Condition of the aircraft Actually, it was quite clean and the toilets – aside from being possibly the smallest airline toilet I have ever seen – were kept reasonably clean throughout the flight. However, the interior design, seats and the IFE are all looking dated now.

In-flight entertainment Virgin’s IFE called Vera offers audio visual on demand (often referred to as AVOD), even though the system isn’t activated until the aircraft is well and truly on its way, unlike some airlines like Emirates. The 9-inch display suffered in bright light and when the seat in front was reclined. The choice of movies wasn’t bad despite there being little in the way of classics, instead the majority comprised of recent offerings including Thor 2, Rush, Kick Ass 2 and so on. However, it did stay on as we circled in a stack over London Heathrow, which went a long way to relieve the monotony as we round and round.

The handheld controller looked pretty dated and the controls weren’t very responsive.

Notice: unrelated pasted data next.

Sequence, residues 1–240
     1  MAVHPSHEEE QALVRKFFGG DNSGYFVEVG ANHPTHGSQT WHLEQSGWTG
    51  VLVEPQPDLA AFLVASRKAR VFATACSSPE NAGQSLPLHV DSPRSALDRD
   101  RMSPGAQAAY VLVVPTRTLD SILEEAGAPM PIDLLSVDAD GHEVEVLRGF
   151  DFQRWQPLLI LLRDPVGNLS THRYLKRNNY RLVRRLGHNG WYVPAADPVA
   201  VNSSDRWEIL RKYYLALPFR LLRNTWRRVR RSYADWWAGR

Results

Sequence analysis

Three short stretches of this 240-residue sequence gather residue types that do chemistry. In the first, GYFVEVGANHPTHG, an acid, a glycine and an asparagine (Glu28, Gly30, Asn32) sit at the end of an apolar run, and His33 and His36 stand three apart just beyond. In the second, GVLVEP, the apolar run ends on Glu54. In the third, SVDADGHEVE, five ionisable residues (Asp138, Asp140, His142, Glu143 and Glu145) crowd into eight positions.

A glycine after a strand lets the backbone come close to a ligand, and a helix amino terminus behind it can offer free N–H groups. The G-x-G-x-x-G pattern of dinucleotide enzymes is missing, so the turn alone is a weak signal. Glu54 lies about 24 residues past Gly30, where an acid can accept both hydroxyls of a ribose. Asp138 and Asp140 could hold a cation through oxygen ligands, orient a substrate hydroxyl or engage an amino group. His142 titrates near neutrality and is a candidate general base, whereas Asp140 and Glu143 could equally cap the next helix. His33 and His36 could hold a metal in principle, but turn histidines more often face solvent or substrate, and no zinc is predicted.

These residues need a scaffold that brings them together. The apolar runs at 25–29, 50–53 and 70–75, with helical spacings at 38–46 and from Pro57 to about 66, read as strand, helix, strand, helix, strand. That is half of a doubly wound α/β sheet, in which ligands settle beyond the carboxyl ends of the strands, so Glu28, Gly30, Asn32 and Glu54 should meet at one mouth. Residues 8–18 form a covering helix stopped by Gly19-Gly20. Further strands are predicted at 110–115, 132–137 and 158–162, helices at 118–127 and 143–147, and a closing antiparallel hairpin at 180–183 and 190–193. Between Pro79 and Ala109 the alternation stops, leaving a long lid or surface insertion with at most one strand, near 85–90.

The entertainment guide is called Vera magazine and has quite a badly laid out film section with descriptions of films that aren’t on your IFE or very generic descriptions of TV programs that tell you nothing about which particular episode it is. There’s no inflight magazine with editorial content as such, just this and the inflight shopping catalogue called Retail Therapy.

Comfort The fact that Virgin calls this ‘premium economy’ still confuses most passengers. Virgin only offers three types of class, Economy, Premium Economy and Upper Class. So, most equate this to what everyone else calls ‘business class’, but this isn’t a strictly accurate reflection. It’s certainly more than a standard economy class, but it’s far from what other airlines offer in business class, say Etihad for example. It’s more comparable to what British Airways offers in its premium economy, although BA offers a small selection of premium economy in addition to regular economy, business class and first class on most flights.